Like in most countries and especially those of them that are Great Powers, “doves” and “hawks” are considered to be present among China’s policymaking community, which in this context take the form of those who want to pursue a “New Détente” versus those who want to wage a New Cold War. Each vision has its respective pros and cons that are beyond the ambit of the present piece to elaborate on since the point is simply to draw attention to the existence of these two schools.

Qin had previously served as the Chinese Ambassador to the US, during which time he could be described as a “dove” who wanted to improve ties with his hosts (“New Détente”), but he was compelled by circumstances beyond his control to become a “hawk” after February’s balloon incident. A formal replacement has yet to be appointed, but his predecessor State Councilor and Director of the Foreign Affairs Commission of the Central Committee of the CPC Wang Yi assumed his duties.

It’s difficult to ascertain which of these two schools Wang represents since his long diplomatic career has seen him promote policies that advance both of their interests. As for Li, he indisputably represented the “hawkish” one though since his appointment in spite of him being under US sanctions was interpreted as a sign that China was willing to wage the New Cold War that Washington forced upon it. His mysterious dismissal therefore makes some wonder whether Beijing is rethinking the wisdom of this possible policy.

Whether by coincidence or design, the announcement that he’d been sacked came on the same day as the annual gala dinner hosted by the National Committee on US-China Relations, during which time Ambassador Xie Feng read a message from President Xi about the willingness to “advance mutually beneficial cooperation and properly manage differences.” A similar message was conveyed the day later during President Xi’s previously unannounced meeting with Californian Governor Gavin Newsom.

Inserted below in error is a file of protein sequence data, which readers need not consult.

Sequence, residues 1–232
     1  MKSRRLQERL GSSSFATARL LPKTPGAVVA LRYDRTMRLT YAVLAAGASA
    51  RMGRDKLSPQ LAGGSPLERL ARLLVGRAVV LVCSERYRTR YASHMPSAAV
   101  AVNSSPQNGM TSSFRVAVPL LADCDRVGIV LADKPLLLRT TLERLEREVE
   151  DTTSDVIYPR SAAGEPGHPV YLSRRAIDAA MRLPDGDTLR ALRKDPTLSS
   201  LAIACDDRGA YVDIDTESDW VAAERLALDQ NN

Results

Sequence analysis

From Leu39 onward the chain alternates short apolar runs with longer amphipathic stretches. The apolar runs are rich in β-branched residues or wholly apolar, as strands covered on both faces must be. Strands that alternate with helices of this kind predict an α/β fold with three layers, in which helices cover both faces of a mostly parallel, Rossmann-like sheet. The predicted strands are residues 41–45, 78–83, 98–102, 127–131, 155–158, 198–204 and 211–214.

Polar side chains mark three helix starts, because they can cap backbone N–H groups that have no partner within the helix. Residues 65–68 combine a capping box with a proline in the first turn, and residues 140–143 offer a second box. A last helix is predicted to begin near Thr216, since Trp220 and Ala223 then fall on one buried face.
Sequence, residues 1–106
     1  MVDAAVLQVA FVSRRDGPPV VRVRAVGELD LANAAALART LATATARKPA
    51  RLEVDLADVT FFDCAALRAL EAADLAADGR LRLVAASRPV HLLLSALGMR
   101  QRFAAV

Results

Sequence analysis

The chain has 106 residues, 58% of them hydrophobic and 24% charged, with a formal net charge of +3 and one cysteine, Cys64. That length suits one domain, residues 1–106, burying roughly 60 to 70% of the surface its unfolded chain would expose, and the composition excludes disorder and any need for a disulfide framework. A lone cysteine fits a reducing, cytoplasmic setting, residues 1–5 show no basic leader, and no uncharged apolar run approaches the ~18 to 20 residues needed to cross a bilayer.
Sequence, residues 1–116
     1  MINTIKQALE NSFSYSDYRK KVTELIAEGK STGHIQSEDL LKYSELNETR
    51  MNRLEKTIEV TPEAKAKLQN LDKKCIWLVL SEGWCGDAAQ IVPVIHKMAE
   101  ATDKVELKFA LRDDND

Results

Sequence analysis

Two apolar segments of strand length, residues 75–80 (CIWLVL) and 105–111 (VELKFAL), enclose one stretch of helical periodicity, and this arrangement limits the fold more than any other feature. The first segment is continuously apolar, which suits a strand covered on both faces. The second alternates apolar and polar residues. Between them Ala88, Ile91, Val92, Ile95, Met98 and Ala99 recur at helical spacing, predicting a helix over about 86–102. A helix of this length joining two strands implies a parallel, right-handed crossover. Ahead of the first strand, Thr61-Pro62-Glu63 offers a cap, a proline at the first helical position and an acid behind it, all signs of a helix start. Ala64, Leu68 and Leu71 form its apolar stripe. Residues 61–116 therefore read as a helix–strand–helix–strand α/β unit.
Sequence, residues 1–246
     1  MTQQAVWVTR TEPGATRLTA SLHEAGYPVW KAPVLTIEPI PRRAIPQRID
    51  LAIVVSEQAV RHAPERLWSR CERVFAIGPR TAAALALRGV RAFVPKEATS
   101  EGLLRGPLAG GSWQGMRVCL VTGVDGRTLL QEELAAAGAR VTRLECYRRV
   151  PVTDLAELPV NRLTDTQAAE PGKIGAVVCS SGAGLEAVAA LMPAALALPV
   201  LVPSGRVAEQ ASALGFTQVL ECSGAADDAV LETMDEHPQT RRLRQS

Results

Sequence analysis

Li’s appointment placed a ceiling on Chinese-US military ties since Beijing refused to let him regularly interact with his American counterpart unless Washington lifted its sanctions. This was a principled policy which proved that China has the self-respect expected of it as a Great Power. That said, the flipside is that it might have inadvertently contributed to their worsening their security dilemma over the past year by depriving their top military officials of the opportunity to candidly engage with one another.

For that reason, Li’s removal might lead to his replacement – whoever that’ll ultimately be since they haven’t been named at the time of this piece’s publication – tapping into the abovementioned opportunity, which could help manage their spiraling rivalry comparatively better than before. This possible outcome, which of course can’t be taken for granted, would align with the friendly message that President Xi sent to the participants of this week’s annual gala dinner in DC.

To review the insight shared in this analysis, the best-case scenario is that Qin and Li were dismissed for corruption-related reasons and not anything more scandalous like espionage, in which case China’s anti-corruption investigative services would look bad for not detecting this before their appointments. More speculatively, factional rivalries between the “dove”/”New Détente” and “hawk”/New Cold War schools might have influenced this too, but the first one arguably benefits for now even if this wasn’t the case.